Just to re-cape cache-aside pattern it defines following steps when fetching and updating data.

Fetching Item

  1. Return the item from cache if found in it.
  2. If not found in cache, read from data store.
  3. Put the read item in cache and return it.

Updating Item

  1. Write the item in data store.
  2. Remove the corresponding entry from cache.

This works perfectly in almost all cases, but it seems to fail in one theoretical scenario.

What if step 1 & 2 of updating item, happen between step 2 & 3 of fetching item. In other words, consider that initially data store had the value 'A' and it was not in cache. So when fetching item, we read 'A' from data store but before we put into the cache, the item was updated to 'B' in another thread (So 'B' was written in data store and tried to remove the entry from cache, which was not there at that time). Now when the fetching thread puts the item it read (i.e. 'A') in cache. So now 'A' will stay cached, and further fetches will return stale data, until item expires or updated again.

So am I missing something here, is my understanding of pattern is wrong. Or that the scenario is just practically impossible, and there is no need to worry about it.

Also I would like to know if some changes can be made in the pattern to avoid this problem.


You are correctly pointing out a race condition.

Cache-aside, as described here and here, is an imperfect abstraction that is not appropriate for all data storage use cases.

Consistency. Implementing the Cache-Aside pattern does not guarantee consistency between the data store and the cache. An item in the data store may be changed at any time by an external process, and this change might not be reflected in the cache until the next time the item is loaded into the cache. In a system that replicates data across data stores, this problem may become especially acute if synchronization occurs very frequently.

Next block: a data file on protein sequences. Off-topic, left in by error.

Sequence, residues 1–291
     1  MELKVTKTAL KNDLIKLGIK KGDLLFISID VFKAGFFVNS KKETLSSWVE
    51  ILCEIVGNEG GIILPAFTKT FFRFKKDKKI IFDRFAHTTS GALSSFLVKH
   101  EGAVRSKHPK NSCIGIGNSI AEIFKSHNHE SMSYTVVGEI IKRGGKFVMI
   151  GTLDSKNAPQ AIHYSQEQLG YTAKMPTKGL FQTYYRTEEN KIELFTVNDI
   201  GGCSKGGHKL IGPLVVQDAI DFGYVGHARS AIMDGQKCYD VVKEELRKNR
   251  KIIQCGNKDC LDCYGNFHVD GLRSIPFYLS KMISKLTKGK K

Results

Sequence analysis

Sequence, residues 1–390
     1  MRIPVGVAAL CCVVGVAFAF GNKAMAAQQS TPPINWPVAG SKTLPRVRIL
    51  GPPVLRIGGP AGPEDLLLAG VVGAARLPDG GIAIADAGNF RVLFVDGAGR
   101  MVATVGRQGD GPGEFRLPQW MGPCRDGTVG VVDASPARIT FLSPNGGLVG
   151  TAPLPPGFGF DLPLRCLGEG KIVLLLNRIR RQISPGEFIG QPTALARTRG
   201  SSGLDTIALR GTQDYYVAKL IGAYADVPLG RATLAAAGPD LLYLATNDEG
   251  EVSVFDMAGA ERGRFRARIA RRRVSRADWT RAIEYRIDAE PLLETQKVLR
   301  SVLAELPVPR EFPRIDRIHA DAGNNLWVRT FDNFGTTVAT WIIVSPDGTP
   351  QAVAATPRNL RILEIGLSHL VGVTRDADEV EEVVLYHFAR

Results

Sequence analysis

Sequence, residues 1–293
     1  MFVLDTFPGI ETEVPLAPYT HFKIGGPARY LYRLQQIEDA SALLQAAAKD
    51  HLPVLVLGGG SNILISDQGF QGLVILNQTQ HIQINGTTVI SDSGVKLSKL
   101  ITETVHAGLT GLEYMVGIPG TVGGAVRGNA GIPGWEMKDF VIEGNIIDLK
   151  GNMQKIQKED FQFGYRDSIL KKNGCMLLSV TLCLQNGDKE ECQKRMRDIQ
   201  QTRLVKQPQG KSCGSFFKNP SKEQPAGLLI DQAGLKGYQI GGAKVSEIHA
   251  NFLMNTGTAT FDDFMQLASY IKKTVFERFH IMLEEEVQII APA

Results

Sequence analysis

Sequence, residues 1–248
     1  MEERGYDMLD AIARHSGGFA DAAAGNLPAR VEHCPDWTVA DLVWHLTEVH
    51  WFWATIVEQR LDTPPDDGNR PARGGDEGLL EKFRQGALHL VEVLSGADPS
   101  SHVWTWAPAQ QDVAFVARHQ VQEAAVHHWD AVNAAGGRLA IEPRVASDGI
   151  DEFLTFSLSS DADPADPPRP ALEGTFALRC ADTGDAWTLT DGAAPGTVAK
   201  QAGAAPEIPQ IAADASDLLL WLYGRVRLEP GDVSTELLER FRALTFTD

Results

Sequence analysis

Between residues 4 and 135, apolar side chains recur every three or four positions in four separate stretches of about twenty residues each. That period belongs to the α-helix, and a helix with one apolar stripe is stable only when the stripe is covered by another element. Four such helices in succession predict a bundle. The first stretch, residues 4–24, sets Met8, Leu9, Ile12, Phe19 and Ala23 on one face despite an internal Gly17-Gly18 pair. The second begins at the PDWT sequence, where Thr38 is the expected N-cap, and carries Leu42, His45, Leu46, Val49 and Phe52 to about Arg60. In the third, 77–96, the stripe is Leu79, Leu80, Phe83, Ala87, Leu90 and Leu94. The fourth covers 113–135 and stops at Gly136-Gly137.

This text refers to the problems when someone modifies the data store without informing the cache its need to invalidate. (The pattern describes the need for an appropriate eviction policy, which is intended to limit the lifetime of data errors.)

Yet, the race condition you are pointing out could occur even if all clients are playing by the rules. When the race condition happens, stale data will be deposited in the cache and remain there until it is otherwise evicted (by standard (e.g. time-based) eviction or because data at that key is one again updated, and this time perhaps without the race.)

Serving some stale data alongside up-to-date data is a worse kind of consistency breach than merely returning stale information that was at least fully correct taken together at one point in time (a snapshot). This is sometimes called a form of read or write skew.

Also I would like to know if some changes can be made in the pattern to avoid this problem.